American Association of Blind Teachers

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Carla Hayes

One of the biggest challenges currently faced by students and schools is bullying. According to research cited at a recent bullying workshop that I attended, one out of every four elementary students and 30% of all students in grades 6-9 are bullied. In recent years, we have seen that extreme acts of high school violence are often perpetrated by youngsters who have been bullied by other students. Also, youngsters who bully often grow up to be adults who bully other employees in the workplace and abuse their spouses and children. In addition, victims of bullying often carry psychological scars for life, or in extreme cases, take their own lives. As teachers, we all have the responsibility of doing all that we can to prevent bullying. For blind teachers, this can be especially challenging because we often cannot see when certain forms of bullying are taking place amongst our students. This is why I thought it was time to write a column on this topic.

Before we discuss some possible solutions for this problem, let's start with a simple definition. In general, bullying can be defined as repeated and systematic harassment and attacks on others. According to the Department of Justice fact sheet, "Information On Bullying for Parents and Teachers, 1996, it involves a real or perceived imbalance of power with the more powerful child or group attacking those who are less powerful. Bullying can be physical, verbal, psychological, or social/emotional intimidation. The computer age has also given us cyber bullying which can include such activities as sending nasty Emails or text messages and posting embarrassing pictures, destructive rumors and other offending material on the Internet. Some signs of bullying may include uncharacteristically low grades, loss of interest in school and activities, damaged belongings, and students who appear to have few friends, are afraid to come to school or ride the school bus.

The first step for preventing bullying is making a commitment to having a zero tolerance policy for bullying in your classroom. Communicate this policy to your students the first day of school. Have an open discussion about bullying with your students. Define bullying and have your students brainstorm about what types of behaviors they consider to be bullying and how it makes them feel when other students do it to them. Then, ask your students to write and sign an agreement not to bully and if they observe bullying, do what they can to stop it. Post this agreement in a prominent place in your classroom as a reminder.

The second step to solving the bullying problem is understanding why it happens. Why do bullies bully? Strangely enough, most bullies are very insecure. They have a strong need for power and bullying gives them psychological and physical rewards. On the other hand, there are different types of victims. Some are quiet, shy, have no friends and no way to fight back. Another type of victim is simply an annoying student with ineffective social skills who pushes everybody's buttons. Whatever the reason it happens, it is important to remember that nobody deserves to be bullied, and as the classroom teacher, it is your job to do all that you can to prevent it. Knowing the potential causes of bullying, you can often head it off before it happens. For example, knowing that the classroom bully has a strong need for power, why not give him an important classroom responsibility? This may be enough to give him the perceived power and psychological rewards that he needs, thus negating his need to bully. Also, empower the shy students by bolstering their confidence and teaching them strategies for fighting back if necessary. Finally, teach social skills to those annoying students who "push buttons" and often become victims of bullying. The better they get along with their classmates, the less likely they will be victimized.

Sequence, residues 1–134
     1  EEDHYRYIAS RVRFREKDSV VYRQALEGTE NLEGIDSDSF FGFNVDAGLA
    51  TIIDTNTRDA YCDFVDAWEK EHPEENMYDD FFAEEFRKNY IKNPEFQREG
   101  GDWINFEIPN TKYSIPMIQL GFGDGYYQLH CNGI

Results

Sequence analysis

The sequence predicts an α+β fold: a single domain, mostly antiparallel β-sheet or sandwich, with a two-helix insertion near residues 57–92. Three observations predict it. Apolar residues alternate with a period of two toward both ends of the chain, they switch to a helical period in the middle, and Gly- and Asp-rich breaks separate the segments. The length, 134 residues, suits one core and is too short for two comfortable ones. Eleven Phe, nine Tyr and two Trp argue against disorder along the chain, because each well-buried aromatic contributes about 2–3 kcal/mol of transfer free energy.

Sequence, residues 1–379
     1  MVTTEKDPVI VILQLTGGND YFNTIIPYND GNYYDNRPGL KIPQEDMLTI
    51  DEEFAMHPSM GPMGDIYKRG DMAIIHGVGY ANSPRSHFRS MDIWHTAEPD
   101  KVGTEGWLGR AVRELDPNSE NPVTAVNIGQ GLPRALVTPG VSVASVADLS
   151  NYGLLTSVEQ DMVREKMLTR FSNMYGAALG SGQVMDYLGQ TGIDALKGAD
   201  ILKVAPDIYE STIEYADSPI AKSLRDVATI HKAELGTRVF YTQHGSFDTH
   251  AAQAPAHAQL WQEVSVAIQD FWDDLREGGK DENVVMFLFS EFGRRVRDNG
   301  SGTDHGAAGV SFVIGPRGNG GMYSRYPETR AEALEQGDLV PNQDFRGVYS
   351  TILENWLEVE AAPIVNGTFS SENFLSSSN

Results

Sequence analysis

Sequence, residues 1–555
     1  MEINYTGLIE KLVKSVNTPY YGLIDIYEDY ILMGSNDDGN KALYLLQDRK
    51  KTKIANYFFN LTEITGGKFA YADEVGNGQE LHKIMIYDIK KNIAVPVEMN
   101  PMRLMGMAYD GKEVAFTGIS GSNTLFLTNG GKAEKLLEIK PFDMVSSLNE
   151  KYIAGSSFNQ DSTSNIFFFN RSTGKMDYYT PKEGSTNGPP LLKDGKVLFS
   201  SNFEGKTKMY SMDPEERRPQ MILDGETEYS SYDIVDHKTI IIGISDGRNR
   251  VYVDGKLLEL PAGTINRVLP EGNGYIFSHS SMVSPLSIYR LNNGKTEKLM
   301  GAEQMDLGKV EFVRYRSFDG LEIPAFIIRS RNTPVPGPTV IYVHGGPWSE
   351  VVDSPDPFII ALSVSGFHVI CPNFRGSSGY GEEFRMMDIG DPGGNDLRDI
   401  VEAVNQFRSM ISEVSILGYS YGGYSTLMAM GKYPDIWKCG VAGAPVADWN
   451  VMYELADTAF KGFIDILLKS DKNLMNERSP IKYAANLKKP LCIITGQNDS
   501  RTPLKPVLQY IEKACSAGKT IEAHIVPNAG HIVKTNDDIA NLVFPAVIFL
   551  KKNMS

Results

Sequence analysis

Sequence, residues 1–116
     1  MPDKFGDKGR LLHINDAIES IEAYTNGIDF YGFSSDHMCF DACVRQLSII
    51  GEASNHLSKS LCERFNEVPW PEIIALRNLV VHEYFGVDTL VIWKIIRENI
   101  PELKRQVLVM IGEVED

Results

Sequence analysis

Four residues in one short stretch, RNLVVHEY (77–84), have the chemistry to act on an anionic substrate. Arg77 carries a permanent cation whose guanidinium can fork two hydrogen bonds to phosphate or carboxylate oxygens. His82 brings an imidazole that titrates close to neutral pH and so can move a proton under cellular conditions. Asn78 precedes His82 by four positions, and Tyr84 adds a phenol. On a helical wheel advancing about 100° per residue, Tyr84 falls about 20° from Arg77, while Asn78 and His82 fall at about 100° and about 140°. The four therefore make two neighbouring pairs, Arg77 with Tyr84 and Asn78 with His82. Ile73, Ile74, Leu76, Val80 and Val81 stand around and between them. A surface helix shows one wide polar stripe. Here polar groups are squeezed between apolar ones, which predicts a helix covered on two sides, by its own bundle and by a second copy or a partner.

The third step for preventing bullying is recognizing it when it happens and reacting quickly. This can be especially difficult for a blind teacher who cannot see the cell phone texting, shunning, poking and dirty looks which might be occurring right in front of her. You may not know what is happening unless someone alerts you. This is why it's important to earn your students' trust and keep the lines of communication open at all times. Teach your students the difference between tattling and telling and create a safe system that they can use to inform you when something is wrong. This can be accomplished by having a message box with a slot in the lid into which students can drop anonymous notes to you. Check this box daily and immediately act on the information your students give you. When you find out who the bullies are, change your seating arrangement. Seat the bullies in the front center and their victims as far away from them as possible.

Finally, remember that teachers can be bullies, too. Ridicule, sarcasm and cutting remarks can damage your students for life and you should never engage in these behaviors.

As you can see, bullying can be a very serious problem with devastating lifelong effects. However, with diligence, perseverance and common sense, it can be eradicated from your classroom and perhaps even your school.

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